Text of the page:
Benitochromis nigrodorsalis


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Matt Clarke recently spotted these Benitochromis nigrodorsalis on sale labelled Chromidotilapia finleyi Moliwe.

Scientific name: Benitochromis nigrodorsalis

Origin: These fish were imported directly from Cameroon. They are found in the west of the country in coastal areas and at the bottom of Mount Cameroon. Sonnenberg (2002) also claims the species is found in Equatorial Guinea and on Bioko Island, 20 miles off the Cameroon coast.

Size: Around 10-12cm/4-5".

Diet: Probably insect larvae and crustaceans. Takes flakes, pellets and frozen foods in the aquarium.

Water: Ideally, slightly soft and acidic pH 6.0-7.0. Should adapt to harder water.

Aquarium: Although not that aggressive towards other fishes, except during spawning, these can sometimes be quite nasty to members of their own species. A tank of 90 x 30 x 45cm/36" x 12" x 18" is really the minimum for an adult pair. Furnish the tank with a sandy substrate and add plenty of bogwood to provide shelter and spawning sites. Plants such as Anubias and Bolbitis would be a good choice biotopically and should remain untouched.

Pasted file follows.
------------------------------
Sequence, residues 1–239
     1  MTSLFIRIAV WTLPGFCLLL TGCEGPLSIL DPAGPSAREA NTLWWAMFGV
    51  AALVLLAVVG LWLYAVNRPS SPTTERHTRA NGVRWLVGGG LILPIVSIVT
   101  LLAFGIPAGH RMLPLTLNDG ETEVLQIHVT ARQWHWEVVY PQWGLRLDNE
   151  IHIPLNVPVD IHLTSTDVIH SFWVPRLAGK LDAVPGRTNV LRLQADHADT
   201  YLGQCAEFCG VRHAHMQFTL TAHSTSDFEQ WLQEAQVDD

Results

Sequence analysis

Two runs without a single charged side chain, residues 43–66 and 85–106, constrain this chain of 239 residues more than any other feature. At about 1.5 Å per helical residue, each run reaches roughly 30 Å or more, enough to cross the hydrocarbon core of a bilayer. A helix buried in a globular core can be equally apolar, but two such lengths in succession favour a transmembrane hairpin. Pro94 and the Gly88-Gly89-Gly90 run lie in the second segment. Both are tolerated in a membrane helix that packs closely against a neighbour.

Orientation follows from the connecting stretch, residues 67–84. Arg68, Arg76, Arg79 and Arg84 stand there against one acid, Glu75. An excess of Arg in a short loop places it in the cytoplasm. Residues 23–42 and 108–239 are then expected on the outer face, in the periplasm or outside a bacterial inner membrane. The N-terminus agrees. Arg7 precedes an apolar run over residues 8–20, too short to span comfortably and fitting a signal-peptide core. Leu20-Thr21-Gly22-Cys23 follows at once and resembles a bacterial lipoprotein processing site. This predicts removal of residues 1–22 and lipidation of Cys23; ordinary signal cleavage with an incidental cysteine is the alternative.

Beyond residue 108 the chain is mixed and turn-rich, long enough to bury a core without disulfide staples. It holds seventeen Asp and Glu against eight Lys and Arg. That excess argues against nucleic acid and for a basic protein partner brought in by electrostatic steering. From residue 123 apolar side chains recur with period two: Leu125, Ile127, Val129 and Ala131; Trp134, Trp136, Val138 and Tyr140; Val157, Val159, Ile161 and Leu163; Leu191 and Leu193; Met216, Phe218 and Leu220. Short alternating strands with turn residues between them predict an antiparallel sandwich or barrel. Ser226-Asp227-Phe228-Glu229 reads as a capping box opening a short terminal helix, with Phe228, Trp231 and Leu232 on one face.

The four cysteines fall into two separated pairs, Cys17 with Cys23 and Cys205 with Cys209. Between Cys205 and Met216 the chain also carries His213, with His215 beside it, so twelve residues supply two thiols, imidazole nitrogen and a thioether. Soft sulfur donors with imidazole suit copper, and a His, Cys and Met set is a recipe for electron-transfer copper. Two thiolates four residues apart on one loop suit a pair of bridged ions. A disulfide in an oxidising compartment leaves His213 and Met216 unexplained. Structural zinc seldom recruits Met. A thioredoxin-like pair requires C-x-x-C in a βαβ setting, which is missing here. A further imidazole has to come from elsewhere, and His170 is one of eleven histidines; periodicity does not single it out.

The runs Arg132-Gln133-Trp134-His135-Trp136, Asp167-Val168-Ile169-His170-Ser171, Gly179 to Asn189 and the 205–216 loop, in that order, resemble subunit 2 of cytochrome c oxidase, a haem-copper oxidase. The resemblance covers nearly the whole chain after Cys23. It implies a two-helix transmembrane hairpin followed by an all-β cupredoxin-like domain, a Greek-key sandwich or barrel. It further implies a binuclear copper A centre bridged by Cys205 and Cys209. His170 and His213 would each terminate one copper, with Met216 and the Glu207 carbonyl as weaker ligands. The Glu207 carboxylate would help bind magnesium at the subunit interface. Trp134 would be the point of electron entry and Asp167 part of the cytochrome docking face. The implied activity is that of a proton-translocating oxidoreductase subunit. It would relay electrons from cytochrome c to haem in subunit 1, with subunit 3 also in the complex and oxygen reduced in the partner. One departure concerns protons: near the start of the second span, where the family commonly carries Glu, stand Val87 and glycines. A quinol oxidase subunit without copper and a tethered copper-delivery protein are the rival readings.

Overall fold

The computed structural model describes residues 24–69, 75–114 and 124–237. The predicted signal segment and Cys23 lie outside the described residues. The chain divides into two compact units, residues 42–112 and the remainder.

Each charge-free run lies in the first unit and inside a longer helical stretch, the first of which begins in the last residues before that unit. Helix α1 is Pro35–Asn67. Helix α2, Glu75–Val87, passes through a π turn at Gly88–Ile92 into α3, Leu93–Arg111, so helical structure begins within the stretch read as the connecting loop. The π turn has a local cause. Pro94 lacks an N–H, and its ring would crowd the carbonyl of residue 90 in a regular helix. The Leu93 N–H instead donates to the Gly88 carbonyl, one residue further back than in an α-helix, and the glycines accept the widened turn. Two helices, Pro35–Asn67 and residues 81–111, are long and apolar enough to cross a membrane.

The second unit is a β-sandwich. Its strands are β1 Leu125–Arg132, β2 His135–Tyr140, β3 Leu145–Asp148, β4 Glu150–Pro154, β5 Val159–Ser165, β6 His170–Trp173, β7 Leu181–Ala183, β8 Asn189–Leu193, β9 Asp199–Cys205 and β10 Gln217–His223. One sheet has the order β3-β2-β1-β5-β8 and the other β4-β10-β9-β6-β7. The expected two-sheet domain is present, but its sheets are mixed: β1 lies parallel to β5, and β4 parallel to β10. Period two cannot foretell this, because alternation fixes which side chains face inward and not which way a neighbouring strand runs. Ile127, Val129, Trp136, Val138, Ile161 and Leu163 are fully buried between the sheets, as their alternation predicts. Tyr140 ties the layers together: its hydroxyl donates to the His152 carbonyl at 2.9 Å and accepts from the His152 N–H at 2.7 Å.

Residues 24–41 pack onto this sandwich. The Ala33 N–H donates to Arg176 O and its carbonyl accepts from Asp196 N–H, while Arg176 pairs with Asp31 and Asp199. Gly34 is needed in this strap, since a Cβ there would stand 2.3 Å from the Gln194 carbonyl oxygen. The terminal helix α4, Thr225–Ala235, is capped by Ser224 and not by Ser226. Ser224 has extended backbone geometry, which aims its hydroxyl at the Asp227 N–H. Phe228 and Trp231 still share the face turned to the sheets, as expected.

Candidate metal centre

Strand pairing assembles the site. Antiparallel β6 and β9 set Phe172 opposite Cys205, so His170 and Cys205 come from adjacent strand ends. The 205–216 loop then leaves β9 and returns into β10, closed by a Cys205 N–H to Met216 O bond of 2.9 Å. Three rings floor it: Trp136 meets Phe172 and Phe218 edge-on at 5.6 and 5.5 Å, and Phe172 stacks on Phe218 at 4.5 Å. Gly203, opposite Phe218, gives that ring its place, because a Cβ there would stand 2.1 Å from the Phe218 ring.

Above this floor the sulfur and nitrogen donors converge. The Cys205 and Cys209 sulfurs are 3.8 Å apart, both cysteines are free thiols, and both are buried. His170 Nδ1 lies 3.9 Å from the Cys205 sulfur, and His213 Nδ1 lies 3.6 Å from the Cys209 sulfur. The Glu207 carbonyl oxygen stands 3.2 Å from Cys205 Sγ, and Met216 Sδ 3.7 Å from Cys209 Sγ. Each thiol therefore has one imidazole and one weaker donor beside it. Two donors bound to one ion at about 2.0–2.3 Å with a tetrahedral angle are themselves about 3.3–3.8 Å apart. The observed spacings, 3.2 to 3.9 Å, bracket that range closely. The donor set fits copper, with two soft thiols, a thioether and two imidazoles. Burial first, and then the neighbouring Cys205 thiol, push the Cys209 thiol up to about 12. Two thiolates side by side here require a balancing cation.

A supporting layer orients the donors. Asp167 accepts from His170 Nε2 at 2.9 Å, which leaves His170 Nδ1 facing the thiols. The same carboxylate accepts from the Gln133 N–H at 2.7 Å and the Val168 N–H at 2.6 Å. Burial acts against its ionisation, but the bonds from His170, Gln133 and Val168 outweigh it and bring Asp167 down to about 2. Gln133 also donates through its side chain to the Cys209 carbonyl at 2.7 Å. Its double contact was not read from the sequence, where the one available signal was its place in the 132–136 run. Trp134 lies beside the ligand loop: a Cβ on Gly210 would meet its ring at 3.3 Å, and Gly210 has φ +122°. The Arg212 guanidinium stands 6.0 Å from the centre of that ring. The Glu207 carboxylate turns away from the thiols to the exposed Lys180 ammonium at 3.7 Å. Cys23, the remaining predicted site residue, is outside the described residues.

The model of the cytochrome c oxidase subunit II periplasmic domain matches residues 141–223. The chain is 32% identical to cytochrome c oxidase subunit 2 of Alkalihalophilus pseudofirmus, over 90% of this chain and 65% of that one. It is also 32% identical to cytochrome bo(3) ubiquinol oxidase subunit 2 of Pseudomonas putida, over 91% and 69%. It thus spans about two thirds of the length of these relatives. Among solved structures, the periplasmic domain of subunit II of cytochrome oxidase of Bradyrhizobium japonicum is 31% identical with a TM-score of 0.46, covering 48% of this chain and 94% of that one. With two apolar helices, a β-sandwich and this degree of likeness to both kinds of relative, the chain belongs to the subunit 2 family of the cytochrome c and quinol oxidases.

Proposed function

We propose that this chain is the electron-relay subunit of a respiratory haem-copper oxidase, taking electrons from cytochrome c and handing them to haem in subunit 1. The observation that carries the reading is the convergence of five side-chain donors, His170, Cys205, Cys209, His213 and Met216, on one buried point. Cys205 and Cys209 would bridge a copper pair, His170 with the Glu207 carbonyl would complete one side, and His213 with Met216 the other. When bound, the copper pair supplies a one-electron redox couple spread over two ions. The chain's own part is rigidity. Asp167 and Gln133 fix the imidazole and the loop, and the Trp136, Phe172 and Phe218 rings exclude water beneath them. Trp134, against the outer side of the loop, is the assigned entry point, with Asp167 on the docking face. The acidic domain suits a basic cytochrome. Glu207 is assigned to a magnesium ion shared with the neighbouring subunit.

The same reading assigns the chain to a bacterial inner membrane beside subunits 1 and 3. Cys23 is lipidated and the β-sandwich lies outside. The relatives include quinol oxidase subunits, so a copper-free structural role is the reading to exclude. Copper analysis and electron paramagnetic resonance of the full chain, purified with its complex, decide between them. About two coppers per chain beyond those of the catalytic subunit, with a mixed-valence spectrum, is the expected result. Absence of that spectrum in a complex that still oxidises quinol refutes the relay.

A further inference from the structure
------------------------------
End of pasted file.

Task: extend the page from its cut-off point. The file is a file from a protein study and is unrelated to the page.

Identification: These were on sale as Chromidotilapia finleyi "Moliwe", which was the old trade name for this species. It was identified for me by Dr Anton Lamboj, who should know, as he described it in 2001!

Similar species: Benitochromis was erected by Dr Lamboj in 2001 and currently contains six species: finleyi, batesii, conjunctus, nigrodorsalis, ufermanni and riomuniensis. There are possibly also a number of other Benitochromis species waiting to be described. Many of these are imported as either Chromidotilapia finleyi or batesii.

Breeding: This species is a pair-bonding bi-parental ovophilic mouthbrooder, so it's got to be among the most amazing cichlids to breed! According to Lamboj (2004), the parents take it in turns to brood the eggs and larvae and transfer the brood from mouth to mouth several times each day. Apparently, the fish face each other head-on, jerks the head, wiggles the pectorals and propels the clutch into the mouth of the other parent. He says that new parents can take hours to pass the clutch across but do it in seconds when more experienced. Juveniles are free-swimming in just under a fortnight and are guarded by both parents for a couple of months, often taking the fry back into the mouth at night. In B. ufermanni, only the female broods the clutch, and B. batesii spawns in caves and is a larvophilic mouthbrooder.

Availability: These fish were on sale at North Lakes Aquatics in Cumbria as Chromidotilapia finleyi "Meloue" and were imported directly from Cameroon.

Price: Cheap at just 11.95 each!